gpg 0x8300BF29 fingerprint 071D FFE0 4CBC 13FC 7DEB 5BD5 5F89 8E1B 8300 BF29

--
fedora-devel-list mailing list
fedora-devel-list@redhat.com
https://www.redhat.com/mailman/listinfo/fedora-devel-list
 
Old 06-23-2008, 06:01 PM
Alexander Boström
 
Default Firewall and user services that needs open ports

mån 2008-06-23 klockan 12:58 -0400 skrev Chuck Anderson:

> Right, but the default firewall rules don't do that.

The default filrewall doesn't filter anything on the loopback interface,
does it? Or you mean traffic on an external interface but using a source
IP address of the host?

> By default maybe the firewall should be off.

Well, a firewall should only be an added protection. If you want a
caching nameserver locally then make sure it only binds to the loopback
interface even if you have a firewall. Same thing with sendmail. It only
listens locally by default, even though there's a firewall. That's how
it should be. Anything else is way too risky. A quick service iptables
stop shouldn't leave you wide open, just without a safety net.

It's probably good to have a firewall, but regular users needs a good
tool to manage it. The question is, what range of options does it need
and how much of the configuration can be automated?

Some thoughts:

Not everyone would want the /proc/sys/net/ipv4/ip_local_port_range open
for UDP/TCP/SCTP, but it should be an option, perhaps the default.

Options for specific service-related ports such as ssh or VNC. (Btw,
VNC, security and usability is unfortunately a topic for a whole
thread.)

Profiles for "server", "desktop" and so on.

Manage both iptables and ip6tables together.

Open ports automatically based on running services? Then what's the
point?

Perhaps a built-in view of listening sockets?

With sane defaults, users installing a desktop machine shouldn't have to
care about the firewall. And on server machines the sane defaults should
mean you have fairly good protection and only need to open up things for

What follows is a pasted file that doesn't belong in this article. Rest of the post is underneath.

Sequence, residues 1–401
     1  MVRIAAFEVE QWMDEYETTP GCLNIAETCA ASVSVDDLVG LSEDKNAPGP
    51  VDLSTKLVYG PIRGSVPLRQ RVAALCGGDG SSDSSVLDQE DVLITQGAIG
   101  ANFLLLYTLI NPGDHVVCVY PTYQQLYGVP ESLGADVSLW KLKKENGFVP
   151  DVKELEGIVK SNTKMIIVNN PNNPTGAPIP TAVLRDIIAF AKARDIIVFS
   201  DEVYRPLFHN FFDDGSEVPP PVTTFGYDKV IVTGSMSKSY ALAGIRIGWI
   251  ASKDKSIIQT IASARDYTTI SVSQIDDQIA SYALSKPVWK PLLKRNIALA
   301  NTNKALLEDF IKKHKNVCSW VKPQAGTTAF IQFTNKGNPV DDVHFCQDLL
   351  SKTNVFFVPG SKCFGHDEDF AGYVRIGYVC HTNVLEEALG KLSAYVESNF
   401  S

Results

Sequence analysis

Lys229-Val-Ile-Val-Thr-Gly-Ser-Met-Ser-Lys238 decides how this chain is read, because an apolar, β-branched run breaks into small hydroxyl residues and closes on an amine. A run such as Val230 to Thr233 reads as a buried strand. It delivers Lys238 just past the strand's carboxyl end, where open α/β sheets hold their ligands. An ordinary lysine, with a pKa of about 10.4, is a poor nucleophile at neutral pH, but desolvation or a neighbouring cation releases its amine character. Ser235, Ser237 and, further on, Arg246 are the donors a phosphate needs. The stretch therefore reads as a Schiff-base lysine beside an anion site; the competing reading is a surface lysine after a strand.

services you start.

But yes, the above can be done with SELinux as well. Maybe that will
could actually provide a better user experience since you'd get error
messages when binding sockets instead of mostly silently dropped
packets.

/abo

--
fedora-devel-list mailing list
fedora-devel-list@redhat.com
https://www.redhat.com/mailman/listinfo/fedora-devel-list
 
Old 06-23-2008, 06:56 PM
"Callum Lerwick"
 
Default Firewall and user services that needs open ports

On Mon, Jun 23, 2008 at 1:01 PM, Alexander Boström <abo@kth.se> wrote:


But yes, the above can be done with SELinux as well. Maybe that will

could actually provide a better user experience since you'd get error

messages when binding sockets instead of mostly silently dropped

packets.
Exactly my point. Rejecting the bind() call allows the app to present an understandable error, within the context of the application. With an interactive app it could provide a pretty GUI error dialog right then and there. The API we need is there already. We're just not using it.


--
fedora-devel-list mailing list
fedora-devel-list@redhat.com
https://www.redhat.com/mailman/listinfo/fedora-devel-list
 

Thread Tools




All times are GMT. The time now is 09:47 PM.

VBulletin, Copyright ©2000 - 2014, Jelsoft Enterprises Ltd.
Content Relevant URLs by vBSEO ©2007, Crawlability, Inc.
Copyright ©2007 - 2008, www.linux-archive.org